Gene nomenclature can be complicated, and the official naming of genes requires rational standards to avoid confusion and to maximize clarity. The HUGO Gene Nomenclature Committee has released updated guidelines for the naming of human genes, and we encourage the community to adopt these recommendations.
The advent of new genomics technologies has afforded us with unprecedented ability to accurately sequence human genomes, and cataloging the order of the A, T, G and C DNA nucleotides is mostly straightforward. However, assigning definitions and functions to genomic regions, and standardizing classifications and nomenclature can be fraught. Therefore, systematic guidelines are needed to help the community with the official naming of human genes to ensure that naming proceeds in a rational and sustainable manner.
The HUGO Gene Nomenclature Committee (HGNC) has prepared some updated guidelines for the naming of human genes (https://www.genenames.org/). A Comment in this issue summarizes the current practices of the HGNC and provides advice to researchers on the naming and reporting of novel genes. We endorse these guidelines and encourage the community to follow these suggestions when naming new human genes.
In addition to standardizing nomenclature for protein-coding genes, the HGNC also presents guidelines for naming RNA genes and pseudogenes. Further recommendations for how to name non-coding RNAs, readthrough transcripts, gene segments, genomic regions and population-specific genes are also included. The Comment in this issue also provides helpful information about the main factors that HGNC considers when assigning gene nomenclature and discusses the specific conventions used in gene names (such as characters, letters and numbers).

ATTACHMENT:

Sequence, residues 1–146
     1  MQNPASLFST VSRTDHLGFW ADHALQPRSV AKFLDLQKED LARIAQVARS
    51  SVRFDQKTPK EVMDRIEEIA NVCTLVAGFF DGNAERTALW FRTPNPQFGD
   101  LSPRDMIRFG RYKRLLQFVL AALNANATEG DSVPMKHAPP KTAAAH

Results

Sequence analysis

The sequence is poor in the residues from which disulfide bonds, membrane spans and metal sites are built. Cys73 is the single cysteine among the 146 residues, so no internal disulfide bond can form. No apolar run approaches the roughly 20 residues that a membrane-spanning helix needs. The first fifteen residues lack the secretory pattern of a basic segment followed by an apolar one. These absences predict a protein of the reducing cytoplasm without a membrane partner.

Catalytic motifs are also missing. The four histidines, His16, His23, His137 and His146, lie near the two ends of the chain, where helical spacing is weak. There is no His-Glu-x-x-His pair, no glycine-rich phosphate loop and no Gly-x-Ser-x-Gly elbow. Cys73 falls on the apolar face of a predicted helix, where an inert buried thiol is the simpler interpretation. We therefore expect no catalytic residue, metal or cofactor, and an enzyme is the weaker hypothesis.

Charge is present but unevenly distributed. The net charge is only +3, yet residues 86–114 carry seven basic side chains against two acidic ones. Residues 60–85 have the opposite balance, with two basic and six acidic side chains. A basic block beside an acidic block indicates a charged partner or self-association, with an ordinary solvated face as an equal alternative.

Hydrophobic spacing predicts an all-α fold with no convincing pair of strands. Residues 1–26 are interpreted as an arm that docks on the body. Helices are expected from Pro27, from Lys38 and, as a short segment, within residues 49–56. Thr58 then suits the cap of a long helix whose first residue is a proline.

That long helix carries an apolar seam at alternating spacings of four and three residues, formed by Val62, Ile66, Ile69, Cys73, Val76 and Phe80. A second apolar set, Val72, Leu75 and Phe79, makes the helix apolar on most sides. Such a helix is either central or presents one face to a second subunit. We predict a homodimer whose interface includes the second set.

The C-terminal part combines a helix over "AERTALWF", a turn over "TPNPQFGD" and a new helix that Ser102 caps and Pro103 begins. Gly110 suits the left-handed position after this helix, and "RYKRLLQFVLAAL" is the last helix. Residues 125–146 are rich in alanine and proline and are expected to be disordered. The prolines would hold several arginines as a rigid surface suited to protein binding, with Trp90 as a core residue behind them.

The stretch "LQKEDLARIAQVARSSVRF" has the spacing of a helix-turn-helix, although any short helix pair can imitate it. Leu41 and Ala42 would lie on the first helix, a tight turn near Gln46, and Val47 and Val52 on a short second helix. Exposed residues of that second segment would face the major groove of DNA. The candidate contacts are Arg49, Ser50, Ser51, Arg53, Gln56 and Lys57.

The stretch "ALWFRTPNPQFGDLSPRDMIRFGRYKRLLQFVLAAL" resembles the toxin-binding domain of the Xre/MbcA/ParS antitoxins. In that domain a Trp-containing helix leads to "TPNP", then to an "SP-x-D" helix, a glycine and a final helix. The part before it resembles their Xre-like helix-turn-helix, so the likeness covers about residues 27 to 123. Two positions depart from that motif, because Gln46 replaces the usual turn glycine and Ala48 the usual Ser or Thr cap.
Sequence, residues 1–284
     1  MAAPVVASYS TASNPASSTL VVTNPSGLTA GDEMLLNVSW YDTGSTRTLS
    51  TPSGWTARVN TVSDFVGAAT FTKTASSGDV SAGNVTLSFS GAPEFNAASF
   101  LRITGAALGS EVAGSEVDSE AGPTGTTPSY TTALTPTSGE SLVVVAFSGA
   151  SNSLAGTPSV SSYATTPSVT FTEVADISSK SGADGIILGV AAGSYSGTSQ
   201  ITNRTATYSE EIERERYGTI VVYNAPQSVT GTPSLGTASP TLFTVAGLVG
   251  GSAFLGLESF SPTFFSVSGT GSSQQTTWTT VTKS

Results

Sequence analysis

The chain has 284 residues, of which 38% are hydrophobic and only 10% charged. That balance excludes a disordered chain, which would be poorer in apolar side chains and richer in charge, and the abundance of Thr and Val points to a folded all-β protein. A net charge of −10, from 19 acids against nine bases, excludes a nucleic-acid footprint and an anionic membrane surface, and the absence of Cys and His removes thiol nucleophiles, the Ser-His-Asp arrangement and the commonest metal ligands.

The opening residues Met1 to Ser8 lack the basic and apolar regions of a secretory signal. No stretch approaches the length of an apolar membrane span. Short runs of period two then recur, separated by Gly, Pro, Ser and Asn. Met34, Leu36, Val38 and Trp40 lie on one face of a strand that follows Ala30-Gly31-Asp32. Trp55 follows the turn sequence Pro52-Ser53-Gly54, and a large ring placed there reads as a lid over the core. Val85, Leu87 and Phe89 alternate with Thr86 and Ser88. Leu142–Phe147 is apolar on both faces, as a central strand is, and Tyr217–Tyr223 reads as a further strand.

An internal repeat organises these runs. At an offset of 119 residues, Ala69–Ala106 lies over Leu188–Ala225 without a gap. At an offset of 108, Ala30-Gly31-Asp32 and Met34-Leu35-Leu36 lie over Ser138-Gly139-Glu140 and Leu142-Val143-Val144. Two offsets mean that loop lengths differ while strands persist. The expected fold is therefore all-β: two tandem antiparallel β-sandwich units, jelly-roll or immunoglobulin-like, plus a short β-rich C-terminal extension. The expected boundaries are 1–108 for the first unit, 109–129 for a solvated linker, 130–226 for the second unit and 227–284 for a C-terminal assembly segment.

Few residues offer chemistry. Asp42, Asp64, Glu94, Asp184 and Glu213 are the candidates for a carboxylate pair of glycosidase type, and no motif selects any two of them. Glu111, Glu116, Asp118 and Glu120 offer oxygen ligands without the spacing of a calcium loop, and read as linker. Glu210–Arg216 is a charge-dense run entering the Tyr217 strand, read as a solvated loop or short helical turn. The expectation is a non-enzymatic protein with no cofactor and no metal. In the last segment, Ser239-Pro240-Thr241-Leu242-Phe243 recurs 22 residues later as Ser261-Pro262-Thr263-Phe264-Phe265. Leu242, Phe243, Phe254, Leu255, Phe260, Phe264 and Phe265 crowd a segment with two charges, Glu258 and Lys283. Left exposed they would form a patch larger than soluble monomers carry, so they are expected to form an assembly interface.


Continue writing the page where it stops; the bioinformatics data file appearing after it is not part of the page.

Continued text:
For clarity and specificity, each gene is assigned only one symbol. Isoforms such as splice variants or alternate transcripts for the most part do not receive their own names.
We fully support these standards and recommendations. For new genes, authors are asked to contact the HGNC to approve any new symbols before publication. The HGNC notes that they do not consider publication precedence when approving nomenclature. They aim to minimize changes to gene symbols in the future.
Broadly, we endorse the following guidelines as well, and we ask authors to adhere to them in submissions. We ask that the approved gene symbols (https://www.genenames.org/) always be used. To avoid ambiguity, the HGNC ID (HGNC:number) can be used; each gene has a unique identity associated with the sequence. We ask authors to use the approved gene symbol at least once in the manuscript’s abstract. We also agree with the HGNC’s guidance to use italics to denote genes, alleles and RNAs, to distinguish them from proteins.
Although naming human genes is complex, the naming of genes in different species also presents quite a challenge. There is also a Vertebrate Gene Nomenclature Committee (VGNC) in charge of determining frameworks to name genes from non-human organisms. One of their guiding principles is ensuring that human-specific traits are not referred to in the nomenclature, if possible.
We believe that defining the taxonomy of the genome should be approached with clear, practical guidelines that aim to avoid ambiguity and redundancy in gene nomenclature; thus, we encourage the community to abide by the HGNC recommendations for the naming and reporting of human genes.
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Naming human genes. Nat Genet 52, 751 (2020). https://doi.org/10.1038/s41588-020-0679-1